BackBright Hub EducationBrowse

Writing Letters in Spanish - Classroom Activity

By KellenKautzman

A new activity to practice how to write a letter in Spanish, with usual expressions and vocabulary. This is a 2-3 days exercise, which involves writing a letter in Spanish and translating it into English. A Word document with the necessary vocabulary is available for download.

Writing letters in Spanish is a funny activity for your students. This exercise will not just help them learn the basics on how to use the standard beginnings and endings for letters, but they will also learn how to express ideas on the paper and build correct sentences in Spanish.

Writing Spanish Letters Your students may think writing a letter is not as common as some years ago, when sending an e-mail wasn't as usual as today. No problem! Tell your students most of the Spanish expressions we are going to use to write our letters are also very common when writing an e-mail in Spanish. (And this could be the first step to a pen pal program!)

This activity lasts from two to three days, which makes it a perfect project, if you are teaching a "fast class".

Starting our activity

Day 1

  • Explain in class the basics and forms of writing a letter in Spanish. Do also mark the difference between formal and friendly letters, although this activity will be focused on the second type of letters.
  • Tell your students their Spanish letters will have a minimum of 150 words.
  • Make groups of two students.
  • One student (let's call him/her “Student A”), will write a letter to the other student in his/her group (“Student B”).
  • Give all the students a list of possible subjects.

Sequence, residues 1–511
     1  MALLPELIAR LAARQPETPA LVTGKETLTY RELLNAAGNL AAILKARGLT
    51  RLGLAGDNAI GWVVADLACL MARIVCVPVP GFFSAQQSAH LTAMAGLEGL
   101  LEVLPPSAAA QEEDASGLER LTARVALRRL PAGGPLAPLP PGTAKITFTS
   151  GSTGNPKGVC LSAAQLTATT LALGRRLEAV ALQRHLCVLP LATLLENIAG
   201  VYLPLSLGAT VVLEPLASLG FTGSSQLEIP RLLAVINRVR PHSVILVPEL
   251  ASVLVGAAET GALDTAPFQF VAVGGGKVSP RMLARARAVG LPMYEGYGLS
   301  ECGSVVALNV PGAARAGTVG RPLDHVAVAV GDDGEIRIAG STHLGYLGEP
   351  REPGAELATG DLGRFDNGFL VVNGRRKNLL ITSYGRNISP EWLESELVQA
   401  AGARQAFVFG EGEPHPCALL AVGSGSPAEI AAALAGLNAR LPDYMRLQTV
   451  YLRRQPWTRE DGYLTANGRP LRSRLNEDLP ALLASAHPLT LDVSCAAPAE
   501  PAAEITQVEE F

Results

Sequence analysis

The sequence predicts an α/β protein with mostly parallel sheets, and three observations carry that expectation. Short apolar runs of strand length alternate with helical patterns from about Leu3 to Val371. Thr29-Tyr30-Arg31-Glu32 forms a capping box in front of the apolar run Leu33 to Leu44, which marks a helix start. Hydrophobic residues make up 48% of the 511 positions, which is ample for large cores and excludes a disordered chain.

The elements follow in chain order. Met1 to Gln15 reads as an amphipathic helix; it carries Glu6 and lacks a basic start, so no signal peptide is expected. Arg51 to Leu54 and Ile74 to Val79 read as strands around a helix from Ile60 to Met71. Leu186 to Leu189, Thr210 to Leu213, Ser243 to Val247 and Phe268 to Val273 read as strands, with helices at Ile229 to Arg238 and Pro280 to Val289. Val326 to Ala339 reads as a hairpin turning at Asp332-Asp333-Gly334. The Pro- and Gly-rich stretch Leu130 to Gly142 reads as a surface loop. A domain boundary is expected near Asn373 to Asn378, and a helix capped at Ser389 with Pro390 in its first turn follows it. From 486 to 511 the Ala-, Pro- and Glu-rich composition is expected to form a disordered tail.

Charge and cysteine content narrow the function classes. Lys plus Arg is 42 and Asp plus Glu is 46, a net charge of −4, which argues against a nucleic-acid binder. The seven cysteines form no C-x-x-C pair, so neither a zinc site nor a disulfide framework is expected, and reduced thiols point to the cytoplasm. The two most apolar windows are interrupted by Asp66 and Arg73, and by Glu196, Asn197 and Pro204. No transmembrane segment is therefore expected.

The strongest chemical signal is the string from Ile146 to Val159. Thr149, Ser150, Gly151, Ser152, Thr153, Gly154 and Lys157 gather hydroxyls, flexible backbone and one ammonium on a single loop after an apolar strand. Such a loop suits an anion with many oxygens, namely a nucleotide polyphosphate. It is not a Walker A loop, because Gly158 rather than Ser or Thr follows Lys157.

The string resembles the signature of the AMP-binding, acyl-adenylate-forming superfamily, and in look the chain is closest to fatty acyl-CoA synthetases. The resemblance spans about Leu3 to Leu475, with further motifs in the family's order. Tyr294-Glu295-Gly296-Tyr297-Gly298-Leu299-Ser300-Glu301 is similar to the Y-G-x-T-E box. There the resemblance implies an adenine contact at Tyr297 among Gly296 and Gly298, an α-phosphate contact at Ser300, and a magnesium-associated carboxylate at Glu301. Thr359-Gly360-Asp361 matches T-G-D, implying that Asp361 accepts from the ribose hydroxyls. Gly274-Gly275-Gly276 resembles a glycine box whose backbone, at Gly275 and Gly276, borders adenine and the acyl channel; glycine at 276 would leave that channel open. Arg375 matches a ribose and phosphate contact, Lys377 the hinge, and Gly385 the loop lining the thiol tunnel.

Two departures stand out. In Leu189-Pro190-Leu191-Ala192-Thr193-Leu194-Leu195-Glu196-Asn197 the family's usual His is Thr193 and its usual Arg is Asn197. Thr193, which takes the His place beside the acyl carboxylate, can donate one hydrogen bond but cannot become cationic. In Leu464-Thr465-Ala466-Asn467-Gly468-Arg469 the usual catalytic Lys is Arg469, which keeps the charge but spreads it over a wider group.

For example,

- Thanks for my birthday's present.

- I am on vacation, and this is what I'm doing.

- I watched the movie you recommended me and I enjoyed it. Thanks!

- I know your grandmother is ill. I hope she gets better soon.

- A letter to your pen pal in Spain.

- A love letter!

  • Ask all your (“Students A”) to prepare their letters at home.

Day 2

  • The following day, at class, ask every “Student A” to read his/her letter, so that the rest of the class can give him/her opinions or advice on how to improve it .
  • Now, every “Student B” will translate the letter received from “Students A” in class, with the help of “Student A”, the student who first wrote the letter..
  • Ask every “Student B” to write an answer to his/her letter. Again, the minimum length will be 150 words.

Day 3

  • This is the writing letters in Spanish last day. Every “Student B” will read his/her answer to the letter from “Student A”.
  • As a final activity, students will also have to write on an envelope all the necessary information so that the letter can reach the addressee.

For more fun, in your Spanish classroom, consider adding some Spanish jokes, or Spanish Tongue Twisters to your curriculum.


To download the Word document with the Spanish expressions and vocabulary used in friendly letters, click here.

For additional material on writing letters in Spanish, see this article: Common Formulas for Beginning and Ending Spanish Letters

References - Wikimedia Commons

Writing letters in Spanish - envelope